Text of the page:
Mahler’s The Song of the Earth occupies a special place in my heart. It was the piece I proposed for the program of my first major conducting job in Germany some 40 years ago with a German orchestra in Berlin. I suggested this piece because I tried to find a cultural identify and relationship between German repertoire and Chinese culture. I was very young and I didn't realize quite how difficult this piece was. I realized that it is a very difficult piece not only for Chinese artists but also for German artists as it is hard to find the relationship between the two cultures.

Not long after I first conducted the piece in Berlin I brought it to China, performing at the Beijing Music Festival as part of a tour around China. I didn’t feel that Chinese people realized the significance of this masterpiece and the history of the cultural exchange between China and Europe, even though a lot of people were talking about the fact that it is based on Chinese poems. Beijing University did some important research into what Tang poem it is originally based on. Because Mahler used a French translation of the original Chinese poem, the full beauty of the original poem is not revealed. That’s why I commissioned Xiaogang Ye to compose a Chinese version using the same original poems, and I am very proud of this. When the two works are presented in contrast you can feel the differences in philosophy, aesthetics and literature between the East and West, which gives you a deeper understanding of the composer’s intentions.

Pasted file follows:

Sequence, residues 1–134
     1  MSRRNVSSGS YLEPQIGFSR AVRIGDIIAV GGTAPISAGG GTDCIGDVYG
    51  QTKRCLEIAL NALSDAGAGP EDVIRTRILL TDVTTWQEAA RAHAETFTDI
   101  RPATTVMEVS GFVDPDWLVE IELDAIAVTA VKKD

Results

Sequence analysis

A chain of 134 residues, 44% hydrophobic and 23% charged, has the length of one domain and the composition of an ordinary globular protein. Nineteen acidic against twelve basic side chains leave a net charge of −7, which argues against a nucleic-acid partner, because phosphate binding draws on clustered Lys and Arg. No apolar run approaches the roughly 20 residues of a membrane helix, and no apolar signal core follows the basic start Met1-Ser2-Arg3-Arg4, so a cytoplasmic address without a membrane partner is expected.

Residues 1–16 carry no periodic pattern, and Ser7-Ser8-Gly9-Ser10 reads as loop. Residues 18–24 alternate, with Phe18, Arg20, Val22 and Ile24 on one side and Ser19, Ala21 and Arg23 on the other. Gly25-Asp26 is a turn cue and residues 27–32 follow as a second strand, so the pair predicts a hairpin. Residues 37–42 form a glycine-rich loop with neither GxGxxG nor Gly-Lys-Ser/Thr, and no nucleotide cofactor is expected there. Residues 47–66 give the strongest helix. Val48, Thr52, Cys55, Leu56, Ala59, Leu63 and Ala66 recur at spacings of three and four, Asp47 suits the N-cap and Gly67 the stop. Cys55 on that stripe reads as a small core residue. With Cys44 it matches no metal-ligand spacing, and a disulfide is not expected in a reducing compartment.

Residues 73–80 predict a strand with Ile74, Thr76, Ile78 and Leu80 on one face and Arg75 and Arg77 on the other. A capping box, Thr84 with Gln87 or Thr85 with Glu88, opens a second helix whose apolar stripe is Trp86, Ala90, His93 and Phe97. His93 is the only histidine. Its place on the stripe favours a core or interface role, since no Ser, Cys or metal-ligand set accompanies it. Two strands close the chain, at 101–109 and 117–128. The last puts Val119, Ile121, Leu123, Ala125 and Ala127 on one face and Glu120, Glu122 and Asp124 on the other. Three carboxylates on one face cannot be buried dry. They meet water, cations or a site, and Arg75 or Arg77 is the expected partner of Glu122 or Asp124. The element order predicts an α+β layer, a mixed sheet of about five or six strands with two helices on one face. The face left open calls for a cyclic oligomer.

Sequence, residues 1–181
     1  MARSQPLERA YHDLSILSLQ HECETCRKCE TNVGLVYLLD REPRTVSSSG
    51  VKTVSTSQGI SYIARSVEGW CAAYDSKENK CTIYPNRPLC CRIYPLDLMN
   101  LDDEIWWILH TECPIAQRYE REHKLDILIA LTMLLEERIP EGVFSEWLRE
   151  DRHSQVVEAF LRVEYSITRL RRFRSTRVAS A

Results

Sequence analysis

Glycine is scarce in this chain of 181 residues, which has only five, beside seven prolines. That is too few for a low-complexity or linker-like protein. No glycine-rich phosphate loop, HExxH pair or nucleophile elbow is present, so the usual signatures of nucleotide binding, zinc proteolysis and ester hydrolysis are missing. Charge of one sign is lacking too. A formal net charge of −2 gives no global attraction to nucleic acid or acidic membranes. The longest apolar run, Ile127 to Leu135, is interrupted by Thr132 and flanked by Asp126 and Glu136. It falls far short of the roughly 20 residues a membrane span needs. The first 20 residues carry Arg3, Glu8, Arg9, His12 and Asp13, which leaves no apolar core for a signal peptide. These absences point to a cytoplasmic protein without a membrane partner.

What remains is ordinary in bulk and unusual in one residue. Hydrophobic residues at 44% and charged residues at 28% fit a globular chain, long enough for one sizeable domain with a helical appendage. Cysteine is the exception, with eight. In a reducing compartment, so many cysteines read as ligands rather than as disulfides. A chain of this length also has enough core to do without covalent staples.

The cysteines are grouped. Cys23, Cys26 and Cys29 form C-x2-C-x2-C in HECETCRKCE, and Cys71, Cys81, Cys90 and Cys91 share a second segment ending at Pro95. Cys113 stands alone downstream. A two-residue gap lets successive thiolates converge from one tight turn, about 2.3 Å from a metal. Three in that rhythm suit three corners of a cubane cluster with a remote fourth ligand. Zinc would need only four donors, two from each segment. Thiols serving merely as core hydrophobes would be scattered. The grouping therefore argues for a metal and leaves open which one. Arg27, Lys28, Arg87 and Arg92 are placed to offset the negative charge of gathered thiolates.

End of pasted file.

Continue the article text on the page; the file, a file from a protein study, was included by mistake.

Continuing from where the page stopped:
Western audiences’ knowledge of Chinese classical composers is generally quite limited, with Tan Dun perhaps the major exception. Who else would you suggest as the key voices that people should get to know?

Chen Qigang is my most respected Chinese composer. He is the most successful composer who combines Chinese music with Western composition methods. Many of his works even use ancient Chinese music, such as Three Variations on Plum Blossom. He uses modern techniques to give new life to traditional music that has been circulating in China for thousands of years. There is also Guo Wenjing who is very interesting. He has no experience of living in the West, but his music has an international vocabulary. And Tan Dun and Zhou Long are composers I admire very much. The younger generation, like Zhao Lin, are also very good.